"ProPublica approached us about their findings, but didn't tell us what to do. Instead, they wanted us to look at the story and work out how it can be enhanced in VR, so we did our own original reporting based on their research," he said.
"We flew to Houston for three days during spring break, where we captured all the interviews and footage – it was amazing to see how the students all bonded together to figure out how to pull it off."
A lot of folks in journalism are nervous about how we are going to ensure that something is ethical when you can recreate the world in any way you want, but those ethics don't go away with a new piece of technology like VRRobert Hernandez, USC Annenberg
The group used GoPro rigs to film 360-degree footage of a street next to the water in Houston, which was then mixed with CGI footage of a 30ft wave approaching a computer-generated house nearby, which demonstrated the scale of disaster a storm surge could cause.
But prior to any production, Hernandez noted that students grappled with the ethical questions that are raised when creating virtual experiences that give audiences a vision of what could happen in real life.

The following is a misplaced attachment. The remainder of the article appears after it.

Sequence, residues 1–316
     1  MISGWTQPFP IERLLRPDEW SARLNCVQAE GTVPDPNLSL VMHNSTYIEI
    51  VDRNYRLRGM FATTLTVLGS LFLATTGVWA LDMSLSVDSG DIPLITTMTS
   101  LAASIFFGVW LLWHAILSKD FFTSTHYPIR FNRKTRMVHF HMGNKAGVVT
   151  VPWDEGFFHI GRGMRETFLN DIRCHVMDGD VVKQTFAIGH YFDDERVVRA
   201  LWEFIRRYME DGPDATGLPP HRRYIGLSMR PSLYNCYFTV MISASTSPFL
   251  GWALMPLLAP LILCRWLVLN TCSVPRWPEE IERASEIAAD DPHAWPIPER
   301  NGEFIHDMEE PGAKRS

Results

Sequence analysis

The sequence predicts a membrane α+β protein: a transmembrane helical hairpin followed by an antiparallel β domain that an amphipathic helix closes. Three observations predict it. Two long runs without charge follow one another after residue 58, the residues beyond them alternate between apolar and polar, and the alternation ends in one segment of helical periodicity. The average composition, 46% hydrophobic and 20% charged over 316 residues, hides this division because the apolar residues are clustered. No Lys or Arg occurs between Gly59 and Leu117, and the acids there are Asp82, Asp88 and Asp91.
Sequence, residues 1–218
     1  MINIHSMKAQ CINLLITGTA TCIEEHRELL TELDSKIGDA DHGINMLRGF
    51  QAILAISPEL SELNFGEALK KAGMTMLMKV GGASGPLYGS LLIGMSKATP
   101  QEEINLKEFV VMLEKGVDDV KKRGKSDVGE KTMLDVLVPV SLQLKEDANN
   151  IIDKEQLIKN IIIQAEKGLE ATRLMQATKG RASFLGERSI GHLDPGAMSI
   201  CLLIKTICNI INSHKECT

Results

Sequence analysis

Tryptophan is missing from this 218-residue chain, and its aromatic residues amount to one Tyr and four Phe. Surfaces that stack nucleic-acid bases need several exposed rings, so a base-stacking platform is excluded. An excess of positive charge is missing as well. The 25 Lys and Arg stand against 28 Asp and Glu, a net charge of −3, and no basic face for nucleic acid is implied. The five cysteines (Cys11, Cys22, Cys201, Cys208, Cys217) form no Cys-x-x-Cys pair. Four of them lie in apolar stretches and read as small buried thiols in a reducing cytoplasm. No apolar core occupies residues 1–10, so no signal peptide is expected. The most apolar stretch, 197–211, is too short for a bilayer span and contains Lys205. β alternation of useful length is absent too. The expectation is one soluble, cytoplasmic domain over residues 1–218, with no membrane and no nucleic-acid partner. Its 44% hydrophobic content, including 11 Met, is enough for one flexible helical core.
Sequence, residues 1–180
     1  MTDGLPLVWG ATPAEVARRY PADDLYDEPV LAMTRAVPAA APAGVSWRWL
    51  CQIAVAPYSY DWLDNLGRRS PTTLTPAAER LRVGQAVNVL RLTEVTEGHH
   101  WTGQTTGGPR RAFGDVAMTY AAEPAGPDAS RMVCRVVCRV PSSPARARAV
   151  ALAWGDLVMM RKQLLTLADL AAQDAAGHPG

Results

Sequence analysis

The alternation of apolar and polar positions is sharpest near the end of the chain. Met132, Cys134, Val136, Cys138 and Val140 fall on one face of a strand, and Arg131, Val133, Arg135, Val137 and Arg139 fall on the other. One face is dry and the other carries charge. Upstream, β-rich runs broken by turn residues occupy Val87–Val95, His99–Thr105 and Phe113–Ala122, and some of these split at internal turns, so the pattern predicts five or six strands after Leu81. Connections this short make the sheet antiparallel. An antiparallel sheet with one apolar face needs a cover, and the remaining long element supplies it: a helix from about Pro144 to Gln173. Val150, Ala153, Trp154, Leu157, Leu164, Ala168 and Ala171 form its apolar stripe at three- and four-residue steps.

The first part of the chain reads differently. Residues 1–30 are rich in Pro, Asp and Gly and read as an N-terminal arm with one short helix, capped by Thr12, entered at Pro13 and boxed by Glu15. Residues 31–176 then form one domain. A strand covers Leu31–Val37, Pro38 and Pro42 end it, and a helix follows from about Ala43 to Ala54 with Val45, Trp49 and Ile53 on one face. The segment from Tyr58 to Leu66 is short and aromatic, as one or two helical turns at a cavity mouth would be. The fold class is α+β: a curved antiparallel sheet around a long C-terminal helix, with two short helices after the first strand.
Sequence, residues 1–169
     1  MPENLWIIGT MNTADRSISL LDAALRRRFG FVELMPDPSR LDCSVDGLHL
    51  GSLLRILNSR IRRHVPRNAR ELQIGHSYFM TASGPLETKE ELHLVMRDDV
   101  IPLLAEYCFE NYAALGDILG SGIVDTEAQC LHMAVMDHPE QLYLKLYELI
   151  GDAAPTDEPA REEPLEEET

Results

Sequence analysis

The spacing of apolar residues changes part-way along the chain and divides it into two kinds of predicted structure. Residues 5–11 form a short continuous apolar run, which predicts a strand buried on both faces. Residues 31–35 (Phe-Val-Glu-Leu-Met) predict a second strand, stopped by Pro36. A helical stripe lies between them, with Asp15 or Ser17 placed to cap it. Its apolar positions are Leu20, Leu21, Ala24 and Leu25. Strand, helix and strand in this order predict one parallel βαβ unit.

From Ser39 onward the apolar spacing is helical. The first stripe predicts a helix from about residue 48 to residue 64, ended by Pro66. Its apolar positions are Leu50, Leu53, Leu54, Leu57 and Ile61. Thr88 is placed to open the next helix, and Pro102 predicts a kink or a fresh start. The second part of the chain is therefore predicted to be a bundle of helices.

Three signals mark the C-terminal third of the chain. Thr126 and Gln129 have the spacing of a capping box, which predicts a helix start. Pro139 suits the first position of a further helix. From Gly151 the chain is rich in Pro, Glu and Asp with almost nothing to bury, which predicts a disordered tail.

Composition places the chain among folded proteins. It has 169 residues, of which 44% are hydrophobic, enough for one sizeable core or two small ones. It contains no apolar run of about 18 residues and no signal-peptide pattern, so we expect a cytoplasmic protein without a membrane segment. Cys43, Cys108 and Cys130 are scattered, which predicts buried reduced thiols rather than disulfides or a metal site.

"I can put you in any situation that I want, but that is not necessarily journalism," he said.
"When we first started to brainstorm how to portray a storm surge, the students thought about putting the viewer in the house where they could hear the wind howling before the roof is dramatically ripped off from the storm outside – and then I stopped the class and reminded them this wasn't a Hollywood movie.
"We're not doing this because it's cool, we're doing this because it's journalism."
The final product stripped the experience back to simply placing the viewer on the street, where they can see the scale of the wave coming toward them and the houses, with animated text to help them appreciate the power of the water.
The wave stops before it hits the house in order not to give any misinformation as to what would happen next.